Filmmaker Maya Churi graduated from high school 10 years ago, but the experience is still fresh in her mind. Tuesday, she took her high school memories online, in a serialized short film called "Letters From Homeroom." The result -- an interactive narrative based on the fictional notes passed between two teenage girls -- is a sweet glimpse into high school life.
"We thought it would be a great way to open a dialogue about all these funny little dramas that happen in high school," explains Churi. "In high school they seem like such big things, but in retrospect they are not."
Churi -- a budding filmmaker who works as an editor at IndieWire -- conceived "Letters From Homeroom" when she rediscovered the passed notes of her own youth. "I was cleaning out my attic and found this huge bag of letters that I had written to friends in high school. I read them and decided I had to do this -- they are such intimate portraits into all of our lives."
The resulting script was a fictionalized account of her own high school experiences: a 24-minute film about the friendship between "Alix" and "Claire," and the traumatic fallout from their dating dramas. The young actors were culled from her own former high school and filmed on campus over the course of a week.
Rather than submitting her film to film festivals or one of the increasingly popular online film portals, such as Atom Films, Churi decided to turn the project into an entire Web site. She broke down the film into 17 mini-episodes; visitors can either watch short video snippets, download audio only or read the notes as text instead. Each film character has his or her own "locker" and the two main characters have their own Web sites; teens who watch the film can also participate in bulletin boards discussing the events in the movie.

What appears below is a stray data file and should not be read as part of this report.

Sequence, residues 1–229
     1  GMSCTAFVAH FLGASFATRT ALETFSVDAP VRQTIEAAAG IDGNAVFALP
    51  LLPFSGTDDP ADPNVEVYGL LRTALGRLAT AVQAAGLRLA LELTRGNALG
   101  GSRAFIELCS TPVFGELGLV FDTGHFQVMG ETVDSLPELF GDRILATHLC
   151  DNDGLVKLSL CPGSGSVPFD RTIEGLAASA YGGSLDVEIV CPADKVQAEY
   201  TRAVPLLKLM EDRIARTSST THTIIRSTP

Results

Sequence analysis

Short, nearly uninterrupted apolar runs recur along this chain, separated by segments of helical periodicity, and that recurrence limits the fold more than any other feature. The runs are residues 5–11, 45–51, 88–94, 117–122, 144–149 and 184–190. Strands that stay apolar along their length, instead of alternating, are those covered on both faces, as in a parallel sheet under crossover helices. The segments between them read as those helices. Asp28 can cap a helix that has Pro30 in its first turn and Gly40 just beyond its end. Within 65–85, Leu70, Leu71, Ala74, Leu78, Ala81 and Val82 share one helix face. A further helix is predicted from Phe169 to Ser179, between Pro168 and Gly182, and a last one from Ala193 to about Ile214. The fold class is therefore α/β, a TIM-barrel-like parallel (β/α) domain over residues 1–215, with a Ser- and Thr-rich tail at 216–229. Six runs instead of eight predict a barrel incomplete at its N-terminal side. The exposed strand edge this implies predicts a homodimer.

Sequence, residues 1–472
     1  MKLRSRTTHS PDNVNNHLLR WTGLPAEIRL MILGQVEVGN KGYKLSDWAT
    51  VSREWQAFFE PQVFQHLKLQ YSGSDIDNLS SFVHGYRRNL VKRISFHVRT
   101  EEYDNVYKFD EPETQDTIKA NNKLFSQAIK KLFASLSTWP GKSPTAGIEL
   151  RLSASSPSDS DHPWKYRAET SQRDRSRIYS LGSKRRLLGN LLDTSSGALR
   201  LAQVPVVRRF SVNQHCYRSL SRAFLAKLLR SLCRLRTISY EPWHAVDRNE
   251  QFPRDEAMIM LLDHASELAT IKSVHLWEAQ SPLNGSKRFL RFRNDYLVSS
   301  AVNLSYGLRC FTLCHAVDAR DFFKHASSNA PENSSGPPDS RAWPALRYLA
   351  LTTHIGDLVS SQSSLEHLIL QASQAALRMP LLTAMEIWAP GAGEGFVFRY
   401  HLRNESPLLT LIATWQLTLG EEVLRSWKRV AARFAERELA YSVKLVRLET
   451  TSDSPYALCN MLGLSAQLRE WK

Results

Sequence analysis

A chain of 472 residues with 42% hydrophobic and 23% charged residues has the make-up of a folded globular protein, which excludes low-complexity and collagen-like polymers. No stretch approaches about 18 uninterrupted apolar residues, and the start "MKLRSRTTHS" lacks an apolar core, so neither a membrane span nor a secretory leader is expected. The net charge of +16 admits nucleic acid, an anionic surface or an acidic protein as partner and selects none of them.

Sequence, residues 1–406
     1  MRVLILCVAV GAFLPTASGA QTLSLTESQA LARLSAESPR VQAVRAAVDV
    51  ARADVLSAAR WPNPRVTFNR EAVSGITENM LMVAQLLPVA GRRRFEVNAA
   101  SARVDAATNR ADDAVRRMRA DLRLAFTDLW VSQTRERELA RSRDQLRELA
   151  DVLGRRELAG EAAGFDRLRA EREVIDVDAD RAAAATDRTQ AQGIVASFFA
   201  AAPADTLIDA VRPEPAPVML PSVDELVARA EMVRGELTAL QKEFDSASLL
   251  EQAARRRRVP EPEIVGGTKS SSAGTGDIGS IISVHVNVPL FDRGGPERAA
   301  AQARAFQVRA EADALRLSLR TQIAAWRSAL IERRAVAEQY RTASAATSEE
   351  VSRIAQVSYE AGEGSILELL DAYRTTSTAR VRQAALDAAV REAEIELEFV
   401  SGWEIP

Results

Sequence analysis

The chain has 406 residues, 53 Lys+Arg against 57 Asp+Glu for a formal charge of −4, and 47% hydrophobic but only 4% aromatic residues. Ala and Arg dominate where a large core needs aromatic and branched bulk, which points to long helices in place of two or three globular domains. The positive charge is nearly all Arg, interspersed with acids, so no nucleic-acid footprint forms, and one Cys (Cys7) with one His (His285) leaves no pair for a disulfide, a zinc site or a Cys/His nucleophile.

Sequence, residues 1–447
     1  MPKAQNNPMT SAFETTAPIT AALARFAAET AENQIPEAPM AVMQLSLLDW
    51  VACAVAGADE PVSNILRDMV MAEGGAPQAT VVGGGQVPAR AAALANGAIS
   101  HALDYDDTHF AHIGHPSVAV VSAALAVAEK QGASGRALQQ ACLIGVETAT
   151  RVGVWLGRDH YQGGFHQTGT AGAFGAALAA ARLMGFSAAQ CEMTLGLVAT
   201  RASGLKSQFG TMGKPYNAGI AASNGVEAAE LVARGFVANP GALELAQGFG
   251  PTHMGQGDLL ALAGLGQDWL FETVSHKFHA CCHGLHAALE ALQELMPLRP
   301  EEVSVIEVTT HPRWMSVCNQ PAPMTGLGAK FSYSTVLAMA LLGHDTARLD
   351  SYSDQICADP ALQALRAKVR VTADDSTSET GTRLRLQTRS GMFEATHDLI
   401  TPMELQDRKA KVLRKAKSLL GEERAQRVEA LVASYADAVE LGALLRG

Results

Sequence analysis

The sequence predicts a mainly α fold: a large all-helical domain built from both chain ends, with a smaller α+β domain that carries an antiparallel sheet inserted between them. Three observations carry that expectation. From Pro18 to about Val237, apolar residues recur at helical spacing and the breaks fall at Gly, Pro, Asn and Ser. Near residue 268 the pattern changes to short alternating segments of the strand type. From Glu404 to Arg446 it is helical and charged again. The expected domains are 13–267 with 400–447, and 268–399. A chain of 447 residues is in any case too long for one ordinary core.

"I realized that teenagers don't go to film festivals," explains Churi. "You can stream short films now on film sites, but the subject matter lends itself to its own entity -- it's not just sitting down and watching these two girls write back and forth, but interacting in their dialogue."
Churi hopes to keep the film up as an ongoing project; she'll soon be uploading footage featuring other characters in the film, and plans to maintain the fictional diaries of Claire and Alix over the next months. Churi has received a grant from the Creative Capital Foundation, a new group that promotes new media and film and is housed in part by the Andy Warhol Foundation. To promote her film, she plans to take a tour of high schools in New York and Philadelphia and meet with other students. She is hoping to solicit teens to submit their own notes and diaries, to be turned into online short films.
"I'd love to keep the dialogue going," she laughs, pondering a teen-letter portal that could catalog high school hysterics: Silly as the notes may seem to adults, they mean the world to teenagers. "There's just so much fun information in those letters."